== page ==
It would be difficult to overstate the value of perseverance—but not impossible. More to the point, it’s easy to look at perseverance the way we see an iceberg and notice only the part that is above the waterline and miss the more significant portion below. Perseverance is a glorious thing but like everything else, it’s not done independent of God. Perseverance is in fact, the outworking of God in our lives. Eugene Petersen offers this:
God sticks to His relationship. He establishes a personal relationship with us and stays with it. The central reality for Christians is the personal, unalterable, persevering commitment that God makes to us. Perseverance is not the result of our determination, it is the result of God’s faithfulness. We survive in the way not because we have extraordinary stamina but because God is righteous.
Christian discipleship is a process of paying more and more attention to God’s righteousness and less and less attention to our own; finding the meaning of our lives not by probing our moods, motives, and morals, but by believing in God’s will and purposes; making a map of the faithfulness of God, not charting the rise and fall of our enthusiasms. It is out of such a reality that we acquire perseverance.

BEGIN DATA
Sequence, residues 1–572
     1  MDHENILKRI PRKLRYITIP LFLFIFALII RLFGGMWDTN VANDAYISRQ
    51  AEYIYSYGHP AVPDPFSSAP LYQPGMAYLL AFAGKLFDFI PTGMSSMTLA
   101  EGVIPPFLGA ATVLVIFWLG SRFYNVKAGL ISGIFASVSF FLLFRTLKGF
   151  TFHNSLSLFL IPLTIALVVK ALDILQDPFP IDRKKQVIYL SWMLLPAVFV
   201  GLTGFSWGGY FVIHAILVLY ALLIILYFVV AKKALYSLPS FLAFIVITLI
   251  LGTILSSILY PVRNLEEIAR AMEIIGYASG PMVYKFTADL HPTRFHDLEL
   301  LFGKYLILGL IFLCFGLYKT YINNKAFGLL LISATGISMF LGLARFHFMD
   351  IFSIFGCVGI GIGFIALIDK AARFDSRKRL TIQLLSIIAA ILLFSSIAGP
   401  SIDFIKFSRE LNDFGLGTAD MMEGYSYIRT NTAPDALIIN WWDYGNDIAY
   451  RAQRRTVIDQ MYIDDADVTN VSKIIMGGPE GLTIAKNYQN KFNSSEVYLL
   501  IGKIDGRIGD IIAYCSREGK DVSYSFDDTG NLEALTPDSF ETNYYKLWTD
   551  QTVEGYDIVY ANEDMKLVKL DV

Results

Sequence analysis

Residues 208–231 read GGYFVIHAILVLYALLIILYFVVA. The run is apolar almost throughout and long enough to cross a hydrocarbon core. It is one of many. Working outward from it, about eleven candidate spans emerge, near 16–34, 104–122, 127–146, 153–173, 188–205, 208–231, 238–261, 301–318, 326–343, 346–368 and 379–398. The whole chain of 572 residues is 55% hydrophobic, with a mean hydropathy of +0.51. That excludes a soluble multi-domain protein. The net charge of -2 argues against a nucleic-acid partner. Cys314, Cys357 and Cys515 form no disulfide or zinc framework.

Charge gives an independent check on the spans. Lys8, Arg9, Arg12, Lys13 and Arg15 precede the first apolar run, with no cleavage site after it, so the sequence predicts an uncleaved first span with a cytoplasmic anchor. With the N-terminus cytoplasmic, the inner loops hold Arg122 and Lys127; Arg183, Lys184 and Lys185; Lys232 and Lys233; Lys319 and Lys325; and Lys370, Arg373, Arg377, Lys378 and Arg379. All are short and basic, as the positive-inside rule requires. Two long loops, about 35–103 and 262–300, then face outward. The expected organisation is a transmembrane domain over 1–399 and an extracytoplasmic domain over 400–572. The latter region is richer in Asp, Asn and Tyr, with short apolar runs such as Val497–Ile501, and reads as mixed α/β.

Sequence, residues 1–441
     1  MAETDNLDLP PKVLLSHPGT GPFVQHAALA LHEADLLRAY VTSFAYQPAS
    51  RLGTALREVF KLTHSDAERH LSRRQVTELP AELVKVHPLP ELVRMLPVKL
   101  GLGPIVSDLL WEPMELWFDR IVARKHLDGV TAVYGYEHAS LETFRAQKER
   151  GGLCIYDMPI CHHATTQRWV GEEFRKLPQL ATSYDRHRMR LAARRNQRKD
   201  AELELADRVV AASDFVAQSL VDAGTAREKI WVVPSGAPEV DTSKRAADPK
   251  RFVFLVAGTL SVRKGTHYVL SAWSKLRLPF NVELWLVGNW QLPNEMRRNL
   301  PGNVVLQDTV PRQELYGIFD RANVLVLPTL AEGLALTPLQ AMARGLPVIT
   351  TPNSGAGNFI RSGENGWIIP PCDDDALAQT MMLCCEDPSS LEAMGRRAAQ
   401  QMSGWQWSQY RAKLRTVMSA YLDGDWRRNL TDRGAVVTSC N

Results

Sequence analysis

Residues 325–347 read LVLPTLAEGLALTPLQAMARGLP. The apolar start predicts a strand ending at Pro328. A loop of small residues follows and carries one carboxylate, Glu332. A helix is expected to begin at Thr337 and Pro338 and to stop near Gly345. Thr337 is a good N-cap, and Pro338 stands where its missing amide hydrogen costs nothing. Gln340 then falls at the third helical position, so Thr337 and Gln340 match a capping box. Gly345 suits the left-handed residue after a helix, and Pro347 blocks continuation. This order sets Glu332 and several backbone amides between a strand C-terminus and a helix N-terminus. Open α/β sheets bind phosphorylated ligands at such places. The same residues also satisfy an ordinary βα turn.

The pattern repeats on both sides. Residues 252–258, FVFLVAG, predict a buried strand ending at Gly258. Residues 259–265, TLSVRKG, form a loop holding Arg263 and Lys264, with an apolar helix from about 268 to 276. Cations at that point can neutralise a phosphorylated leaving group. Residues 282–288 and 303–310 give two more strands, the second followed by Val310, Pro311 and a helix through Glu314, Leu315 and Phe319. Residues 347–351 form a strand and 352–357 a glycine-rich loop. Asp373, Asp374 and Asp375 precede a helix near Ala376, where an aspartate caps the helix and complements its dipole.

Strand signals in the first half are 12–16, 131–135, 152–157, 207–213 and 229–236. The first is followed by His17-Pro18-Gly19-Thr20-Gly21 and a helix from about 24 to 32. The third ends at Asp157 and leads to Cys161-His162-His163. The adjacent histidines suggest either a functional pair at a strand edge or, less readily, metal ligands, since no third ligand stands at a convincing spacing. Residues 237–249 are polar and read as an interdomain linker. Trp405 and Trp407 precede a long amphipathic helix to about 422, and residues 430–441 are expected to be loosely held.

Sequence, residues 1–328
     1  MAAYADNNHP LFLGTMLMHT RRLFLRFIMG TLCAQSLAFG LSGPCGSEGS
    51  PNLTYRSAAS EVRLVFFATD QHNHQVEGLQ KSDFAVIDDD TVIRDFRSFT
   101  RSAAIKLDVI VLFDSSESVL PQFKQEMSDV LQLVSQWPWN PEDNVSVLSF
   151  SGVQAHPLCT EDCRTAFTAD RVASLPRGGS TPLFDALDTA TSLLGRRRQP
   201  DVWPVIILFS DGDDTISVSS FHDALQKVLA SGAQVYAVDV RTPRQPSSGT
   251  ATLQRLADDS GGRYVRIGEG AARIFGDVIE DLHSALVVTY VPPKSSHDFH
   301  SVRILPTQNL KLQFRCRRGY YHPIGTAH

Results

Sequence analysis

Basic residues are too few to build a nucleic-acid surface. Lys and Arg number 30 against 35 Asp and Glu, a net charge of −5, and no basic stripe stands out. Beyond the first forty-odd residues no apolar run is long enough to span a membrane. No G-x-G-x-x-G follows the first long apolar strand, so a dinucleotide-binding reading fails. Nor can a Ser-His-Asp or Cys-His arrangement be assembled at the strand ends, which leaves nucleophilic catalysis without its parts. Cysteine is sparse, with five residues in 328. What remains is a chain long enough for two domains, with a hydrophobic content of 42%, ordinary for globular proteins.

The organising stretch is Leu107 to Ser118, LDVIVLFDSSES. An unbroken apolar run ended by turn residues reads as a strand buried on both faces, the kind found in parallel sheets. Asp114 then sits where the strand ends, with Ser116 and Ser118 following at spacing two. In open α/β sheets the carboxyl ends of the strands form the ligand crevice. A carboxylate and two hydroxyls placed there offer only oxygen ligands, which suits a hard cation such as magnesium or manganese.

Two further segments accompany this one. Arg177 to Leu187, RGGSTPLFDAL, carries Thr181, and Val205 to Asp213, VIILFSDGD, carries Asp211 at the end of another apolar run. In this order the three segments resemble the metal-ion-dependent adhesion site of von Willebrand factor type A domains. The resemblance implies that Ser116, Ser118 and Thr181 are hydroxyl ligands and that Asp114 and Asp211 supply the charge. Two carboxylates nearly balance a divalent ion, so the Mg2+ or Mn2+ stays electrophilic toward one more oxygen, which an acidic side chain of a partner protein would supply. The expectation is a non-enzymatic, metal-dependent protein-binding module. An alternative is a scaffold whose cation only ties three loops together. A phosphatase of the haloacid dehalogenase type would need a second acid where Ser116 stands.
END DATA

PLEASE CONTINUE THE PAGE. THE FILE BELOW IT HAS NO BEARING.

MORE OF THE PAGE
This is exactly what the psalmist means when he notes in 129:3 that his oppressors “have not gained victory over me.” He has persevered. And how did that come about? Verse 4 supplies the answer, “the Lord is righteous.”
We’ll take all of the perseverance we can get. We’ll cheer on those who convict us with magnificent displays of it. But we’ll also be sure to understand that God is the cause of it and make sure He receives the ultimate glory. We’ll see the perseverance in our life as us cooperating with the work of our Father in our lives.
May the Lord direct your hearts into God’s love and Christ’s perseverance. (2 Thessalonians 3:5)